What is divestment?

Divestment is the action of an organization or government selling or liquidating an asset or a subsidiary. In the absence of an asset sale, divestment also refers to reductions in capital spending, which can facilitate the reallocation of resources to more productive areas within an organization or project funded by the government. Divestment can be made for a variety of reasons, some of which are described below. Whether a divestment action results in the disposal or reduction of funding, the main objective is to maximize the return on investment (ROI) of expenses related to capital goods, labor and infrastructure.

Understanding divestment

Divestments, in most cases, are primarily driven by value for money to deliver maximum returns. To achieve this objective, divestment can take the form of a sale, a spin-off or a reduction in capital expenditure. Divestments can also be made for political or legal reasons.

Commoditization and segmentation

In the target market for commoditized products, a company can identify product segments with higher profitability than others, while the expenses, resources and infrastructure required for manufacturing remain the same for both products.

For example, a company may determine that its industrial tools division is growing faster and generates higher profit margins than its consumer tools division. If the difference in profitability of the two divisions is large enough, the company may consider selling the consumer division. After the divestment, the company was able to allocate both the proceeds of the sale and recurring investment expenses to the industrial division in order to maximize its return on investment.

Divestment of ill-adjusted assets

A business may opt to divest certain assets from a business it has acquired, particularly if those assets do not match its overall strategy. For example, a business focused on domestic operations may sell the international division of a business it has purchased, due to the complexity and costs of integration, as well as operating it on an ongoing basis. Following divestment, the acquiring company can reduce the total cost of the purchase and determine the optimal use of the product, which may include reducing debt, maintaining cash on the balance sheet, or making capital investments.

Political and legal divestments

Organizations can decide to divest from holdings that no longer correspond to their social, environmental or philosophical positions. For example, the Rockefeller Family Foundation, which derives its wealth from oil, ceded its energy holdings in 2020 due to false claims by oil companies regarding global warming.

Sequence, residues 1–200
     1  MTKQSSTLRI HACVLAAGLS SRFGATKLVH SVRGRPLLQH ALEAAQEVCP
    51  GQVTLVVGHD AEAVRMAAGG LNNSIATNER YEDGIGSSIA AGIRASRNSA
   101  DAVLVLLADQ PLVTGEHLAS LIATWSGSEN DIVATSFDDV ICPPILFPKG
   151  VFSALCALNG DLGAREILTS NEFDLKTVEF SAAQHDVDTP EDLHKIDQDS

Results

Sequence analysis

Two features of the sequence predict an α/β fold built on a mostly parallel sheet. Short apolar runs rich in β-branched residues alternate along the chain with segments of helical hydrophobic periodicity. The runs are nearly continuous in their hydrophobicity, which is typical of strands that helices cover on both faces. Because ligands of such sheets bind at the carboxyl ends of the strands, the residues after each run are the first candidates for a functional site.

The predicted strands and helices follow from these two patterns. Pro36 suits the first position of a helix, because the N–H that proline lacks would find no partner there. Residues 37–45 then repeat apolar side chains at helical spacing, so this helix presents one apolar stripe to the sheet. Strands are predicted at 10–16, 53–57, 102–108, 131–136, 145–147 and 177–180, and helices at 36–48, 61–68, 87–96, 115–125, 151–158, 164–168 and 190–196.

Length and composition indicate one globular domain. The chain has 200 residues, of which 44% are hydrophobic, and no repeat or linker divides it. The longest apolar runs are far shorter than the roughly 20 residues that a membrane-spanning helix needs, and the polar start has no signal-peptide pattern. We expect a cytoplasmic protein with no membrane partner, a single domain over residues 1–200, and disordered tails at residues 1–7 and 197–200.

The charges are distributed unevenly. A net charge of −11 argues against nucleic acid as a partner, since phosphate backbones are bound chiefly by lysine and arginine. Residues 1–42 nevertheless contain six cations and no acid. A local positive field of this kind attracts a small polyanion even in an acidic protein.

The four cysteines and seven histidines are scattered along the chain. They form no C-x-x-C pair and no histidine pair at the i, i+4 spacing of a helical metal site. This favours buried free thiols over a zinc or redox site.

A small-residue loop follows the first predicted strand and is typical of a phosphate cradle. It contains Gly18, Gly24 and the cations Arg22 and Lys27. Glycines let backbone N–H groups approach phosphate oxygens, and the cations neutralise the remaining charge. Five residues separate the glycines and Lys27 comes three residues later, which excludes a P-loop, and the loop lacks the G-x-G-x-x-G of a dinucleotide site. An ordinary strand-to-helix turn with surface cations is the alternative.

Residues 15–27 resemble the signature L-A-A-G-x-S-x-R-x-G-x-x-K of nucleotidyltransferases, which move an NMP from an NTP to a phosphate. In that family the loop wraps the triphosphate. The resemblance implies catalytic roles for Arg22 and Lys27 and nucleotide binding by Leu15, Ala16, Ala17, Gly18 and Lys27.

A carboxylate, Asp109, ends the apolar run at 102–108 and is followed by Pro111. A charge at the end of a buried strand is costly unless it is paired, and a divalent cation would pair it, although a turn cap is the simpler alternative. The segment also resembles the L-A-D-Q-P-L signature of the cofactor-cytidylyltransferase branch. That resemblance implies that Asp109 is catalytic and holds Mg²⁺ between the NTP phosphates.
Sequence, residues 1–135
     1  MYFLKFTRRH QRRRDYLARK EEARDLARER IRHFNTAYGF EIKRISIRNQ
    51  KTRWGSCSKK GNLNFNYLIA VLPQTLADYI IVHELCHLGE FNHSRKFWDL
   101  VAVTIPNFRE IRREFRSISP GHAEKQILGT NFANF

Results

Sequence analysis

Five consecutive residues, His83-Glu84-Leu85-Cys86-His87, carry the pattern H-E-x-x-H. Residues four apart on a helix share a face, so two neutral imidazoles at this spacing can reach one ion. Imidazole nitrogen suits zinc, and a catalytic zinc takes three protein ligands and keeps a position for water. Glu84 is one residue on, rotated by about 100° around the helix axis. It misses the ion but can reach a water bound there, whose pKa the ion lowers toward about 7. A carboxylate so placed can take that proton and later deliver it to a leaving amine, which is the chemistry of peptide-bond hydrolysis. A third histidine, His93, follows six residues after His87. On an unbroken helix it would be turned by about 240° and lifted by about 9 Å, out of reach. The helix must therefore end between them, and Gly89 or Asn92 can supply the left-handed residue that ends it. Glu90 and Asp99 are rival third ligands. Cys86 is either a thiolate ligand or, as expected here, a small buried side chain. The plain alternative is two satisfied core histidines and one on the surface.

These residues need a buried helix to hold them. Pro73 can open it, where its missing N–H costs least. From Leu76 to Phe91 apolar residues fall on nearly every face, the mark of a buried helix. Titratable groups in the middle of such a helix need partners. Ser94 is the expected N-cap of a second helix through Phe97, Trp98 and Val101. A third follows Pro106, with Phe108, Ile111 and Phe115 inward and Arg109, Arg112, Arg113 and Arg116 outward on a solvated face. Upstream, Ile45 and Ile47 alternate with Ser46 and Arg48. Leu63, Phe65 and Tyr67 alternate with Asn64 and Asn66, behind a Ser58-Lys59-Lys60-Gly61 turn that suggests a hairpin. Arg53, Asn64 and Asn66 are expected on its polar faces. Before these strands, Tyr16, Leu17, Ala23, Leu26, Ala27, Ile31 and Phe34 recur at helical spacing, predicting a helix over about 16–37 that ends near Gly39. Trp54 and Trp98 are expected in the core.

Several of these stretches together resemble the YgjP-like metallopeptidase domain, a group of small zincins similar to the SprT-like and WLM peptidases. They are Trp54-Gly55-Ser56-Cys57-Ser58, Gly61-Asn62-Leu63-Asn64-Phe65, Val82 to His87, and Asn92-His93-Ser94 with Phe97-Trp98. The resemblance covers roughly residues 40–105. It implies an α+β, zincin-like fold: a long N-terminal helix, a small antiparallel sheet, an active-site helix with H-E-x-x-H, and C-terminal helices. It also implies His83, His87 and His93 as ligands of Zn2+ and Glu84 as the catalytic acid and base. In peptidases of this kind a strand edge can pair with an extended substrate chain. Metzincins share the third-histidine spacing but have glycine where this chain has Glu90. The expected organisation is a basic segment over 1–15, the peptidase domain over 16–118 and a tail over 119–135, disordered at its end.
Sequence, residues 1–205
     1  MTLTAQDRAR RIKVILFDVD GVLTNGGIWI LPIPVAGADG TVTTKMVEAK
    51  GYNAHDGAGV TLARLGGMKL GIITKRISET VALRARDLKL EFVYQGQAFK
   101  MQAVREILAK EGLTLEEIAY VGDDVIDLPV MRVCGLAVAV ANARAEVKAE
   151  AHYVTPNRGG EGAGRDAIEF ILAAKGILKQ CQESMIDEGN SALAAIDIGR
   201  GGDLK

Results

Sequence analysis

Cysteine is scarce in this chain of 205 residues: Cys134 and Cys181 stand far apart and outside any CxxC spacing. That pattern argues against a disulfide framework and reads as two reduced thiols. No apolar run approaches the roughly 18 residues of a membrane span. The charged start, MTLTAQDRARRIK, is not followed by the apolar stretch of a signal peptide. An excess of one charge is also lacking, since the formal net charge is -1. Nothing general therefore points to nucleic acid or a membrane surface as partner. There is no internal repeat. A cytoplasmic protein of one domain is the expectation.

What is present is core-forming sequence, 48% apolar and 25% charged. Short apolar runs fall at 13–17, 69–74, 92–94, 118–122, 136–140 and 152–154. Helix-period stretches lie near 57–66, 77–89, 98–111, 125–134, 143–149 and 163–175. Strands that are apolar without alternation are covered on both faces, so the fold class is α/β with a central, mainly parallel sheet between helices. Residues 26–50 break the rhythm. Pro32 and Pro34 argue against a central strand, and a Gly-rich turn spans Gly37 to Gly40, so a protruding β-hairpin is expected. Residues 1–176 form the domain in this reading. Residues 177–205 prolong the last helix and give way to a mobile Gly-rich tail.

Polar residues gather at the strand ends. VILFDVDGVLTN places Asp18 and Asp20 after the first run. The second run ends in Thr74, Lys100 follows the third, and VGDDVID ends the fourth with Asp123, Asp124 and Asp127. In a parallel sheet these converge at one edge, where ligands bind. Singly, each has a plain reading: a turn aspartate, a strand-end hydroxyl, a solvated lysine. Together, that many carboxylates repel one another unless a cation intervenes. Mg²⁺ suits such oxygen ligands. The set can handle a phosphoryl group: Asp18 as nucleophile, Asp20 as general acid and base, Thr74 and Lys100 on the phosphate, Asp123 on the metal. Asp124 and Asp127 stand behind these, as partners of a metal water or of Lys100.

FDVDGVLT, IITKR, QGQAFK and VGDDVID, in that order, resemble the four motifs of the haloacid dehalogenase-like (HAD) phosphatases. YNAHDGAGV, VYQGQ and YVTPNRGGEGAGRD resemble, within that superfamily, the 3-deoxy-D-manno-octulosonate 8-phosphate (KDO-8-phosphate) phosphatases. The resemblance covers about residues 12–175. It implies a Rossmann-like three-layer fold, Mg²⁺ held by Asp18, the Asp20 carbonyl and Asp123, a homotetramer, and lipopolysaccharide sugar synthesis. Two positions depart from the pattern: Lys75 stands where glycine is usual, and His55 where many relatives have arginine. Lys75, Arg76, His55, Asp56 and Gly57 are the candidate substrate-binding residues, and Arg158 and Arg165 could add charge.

Companies considered to be monopolies may be legally required to divest their holdings to ensure fair competition. For example, after being recognized as a monopoly after eight years in court, AT&T sold its seven regional operating companies in 1984. After the divestment, AT&T retained its long distance services, while the operating companies, called the Baby Bells, provided regional services. services.

Key points to remember

  • Divestment occurs when governments or organizations sell or liquidate assets or subsidiaries. It can take the form of a divestment or a reduction in funding.
  • Divestment is carried out for various reasons, from strategic to political and environmental. For example, several institutional investors have started selling their fossil fuel assets under pressure from clients and non-profit organizations.

Example of divestment

Divestment in fossil fuels is the largest and most recent example of political and environmental divestment. In 2020, students on university campuses began demanding their endowment foundations, which are among the wealthiest institutional investors in the world. are starting to divest themselves of their stakes in fossil fuel companies because they were major carbon polluters.

The move spans 37 countries and has resulted in a $ 6.2 trillion divestment of assets, according to a September 2020 report from Arabella Advisors. A thousand institutional investors, including insurance companies, sovereign wealth funds and pension funds, have committed to sell the fossil fuel assets. The report attributes the sharp increase in fossil fuel divestments to moral pressure, which has given way to financial and fiduciary imperatives as the movement increases and the stocks of major oil companies fall.

Weyerhauser Co. (WY) is an example of strategic divestment. The Washington-based company was a manufacturer of paper and paper products until 2004. Since that year, it divested its activities by selling its pulp manufacturing operations and moving into wood and real estate.

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